And we know this!: New study confirms Black boys feel less safe in white neighborhoods
Young Black men expect increased scrutiny, surveillance and even direct targeting when in areas that have more white people than they typically encounter, the study shows.
Another day, another study confirming what so many people in our community already know: Black boys don’t feel safe in predominantly white neighborhoods.
Researchers from the Department of Sociology at Ohio State University conducted the study by giving 506 Black boys between the ages of 11 to 17 smartphones to track their locations every 30 seconds for a week, according to The New York Times.
Participants were asked where they were, who they were with and how safe they felt around Columbus, Ohio, on a scale of 1 to 5. The mini survey took place from 2014 to 2016 with researchers receiving almost 7,400 surveys, the report says.
Young black men expect increased scrutiny, surveillance and even direct targeting when in areas that have more white people than they typically encounter, a study has found. https://t.co/6u5JGBM6uc
— ABC News (@ABC) August 15, 2018
The study’s lead author, Christopher Browning, is a professor at Ohio State University and has extensive experience researching how children’s neighborhoods affect their behaviors and health.
Browning told ABC News that in Columbus, where the study was conducted, “There are high levels of segregation and poverty, but a lot of variation in close proximity— there are affluent suburbs that are next to neighborhoods that are really poor.”
“Chicago is a place in which everyone knows where you’re not supposed to go,” Browning told the television news outlet , speaking of his own childhood experience, growing up on the South side of Chicago. “In social science, this is the area we are interested in—neighborhood environments. When we think of environments that do not include family, we think about the neighborhood—potential exposures for youth that may have some important consequences down the line.”
You don’t say….I took my nephews to Santa Monica, we stayed at fancy #CasaDelMar I was worried about them hanging out on the beach without me, their mom asked about DIVERSITY in the neighborhood, smh! Black Boys Feel Less Safe in White Neighborhoods https://t.co/3WtQfiJJmj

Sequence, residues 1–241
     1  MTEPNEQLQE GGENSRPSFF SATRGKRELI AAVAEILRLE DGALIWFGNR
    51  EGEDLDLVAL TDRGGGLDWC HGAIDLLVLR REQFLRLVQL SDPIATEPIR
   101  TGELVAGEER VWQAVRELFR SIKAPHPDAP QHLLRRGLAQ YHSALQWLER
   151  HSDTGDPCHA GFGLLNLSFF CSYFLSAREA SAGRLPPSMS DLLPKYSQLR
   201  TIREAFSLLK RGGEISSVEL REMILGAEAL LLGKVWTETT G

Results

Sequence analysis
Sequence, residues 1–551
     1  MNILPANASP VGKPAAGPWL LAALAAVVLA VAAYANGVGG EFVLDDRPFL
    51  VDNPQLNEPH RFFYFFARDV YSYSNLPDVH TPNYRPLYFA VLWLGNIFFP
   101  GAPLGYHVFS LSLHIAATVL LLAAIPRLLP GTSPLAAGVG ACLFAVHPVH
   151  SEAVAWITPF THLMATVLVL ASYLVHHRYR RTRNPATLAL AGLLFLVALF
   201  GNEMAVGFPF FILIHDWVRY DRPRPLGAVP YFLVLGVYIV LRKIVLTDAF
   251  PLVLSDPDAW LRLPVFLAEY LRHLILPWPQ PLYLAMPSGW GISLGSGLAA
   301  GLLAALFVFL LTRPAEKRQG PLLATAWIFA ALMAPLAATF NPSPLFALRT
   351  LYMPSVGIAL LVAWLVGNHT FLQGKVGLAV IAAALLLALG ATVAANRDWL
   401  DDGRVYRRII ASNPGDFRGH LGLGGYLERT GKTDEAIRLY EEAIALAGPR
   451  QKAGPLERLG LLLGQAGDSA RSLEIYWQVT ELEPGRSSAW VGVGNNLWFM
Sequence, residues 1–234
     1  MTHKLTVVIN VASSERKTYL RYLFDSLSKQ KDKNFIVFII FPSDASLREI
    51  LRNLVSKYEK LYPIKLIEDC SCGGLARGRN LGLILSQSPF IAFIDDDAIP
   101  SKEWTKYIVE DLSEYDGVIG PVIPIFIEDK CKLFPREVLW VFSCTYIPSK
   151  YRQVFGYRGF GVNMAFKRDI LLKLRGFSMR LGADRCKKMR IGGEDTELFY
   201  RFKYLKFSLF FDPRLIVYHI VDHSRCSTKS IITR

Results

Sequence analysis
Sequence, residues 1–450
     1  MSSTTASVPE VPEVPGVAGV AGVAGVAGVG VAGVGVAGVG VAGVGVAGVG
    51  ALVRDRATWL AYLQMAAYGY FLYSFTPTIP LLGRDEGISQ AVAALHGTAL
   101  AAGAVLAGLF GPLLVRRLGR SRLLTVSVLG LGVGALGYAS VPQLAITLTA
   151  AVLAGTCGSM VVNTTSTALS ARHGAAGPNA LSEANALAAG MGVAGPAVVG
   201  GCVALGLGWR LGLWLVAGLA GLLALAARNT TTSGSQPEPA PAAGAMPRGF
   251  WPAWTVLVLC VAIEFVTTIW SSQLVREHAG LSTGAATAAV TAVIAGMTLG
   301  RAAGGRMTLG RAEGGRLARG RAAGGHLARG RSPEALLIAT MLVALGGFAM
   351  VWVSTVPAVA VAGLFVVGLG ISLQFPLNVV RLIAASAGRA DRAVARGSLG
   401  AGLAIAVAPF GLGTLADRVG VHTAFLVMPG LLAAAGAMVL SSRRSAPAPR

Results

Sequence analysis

— bevysmith (@bevysmith) August 15, 2018
Unsurprisingly, the study found that young Black men expect increased scrutiny, surveillance and even direct targeting when in areas that have more white people than they typically encounter. They also felt less safe in neighborhoods that were poorer than the ones they frequented. In contrast, Black girls didn’t report feeling less safe in whiter areas. Researchers also noted that white youths tend to self-segregate.
“Their experiences aren’t as variable—they do not spend as much time in Black neighborhoods that Black youth spend in white neighborhoods,” Browning said. “It’s the experience of having to navigate places that are whiter that may actually introduce more scrutiny to Black male youth—by police, by residents—creating the potential for harassment and even victimization.”
The researchers are now concerned about the long-term consequences that these perceptions of safety – or better yet the lack of it – will have on Black boys.
“This is thought to be one of the reasons why Black youth are generally not as healthy as white youth,” Browning said. “There could be some physical and mental health trajectories which we could extrapolate to explain healthcare disparities in adult populations.”
It used to be believed that African-American youth is that they feel less safe because they live in areas of higher poverty but the team found out this wasn’t necessarily true and that racism was a much more terrifying threat then their own communities. Black teens only felt less safe only when visiting neighborhoods poor then their own or whiter neighborhoods.
“The study confirmed what I’ve always known to be true—given all the things that are going on in the world but also from personal experience, particularly for African Americans and people of color, there is an awareness that there are places that you are seen as not belonging,” said Dennis D. Parker, director of the ACLU’s Racial Justice Program and an adjunct professor at New York Law School.
“This study shows that there are serious issues that create a sense of uncertainty and vulnerability in public spaces that should be for everyone. I don’t know of Black friends who have not spoken to their children, particularly their sons, of dealing with the police. I know of no white parents that have had to do that.”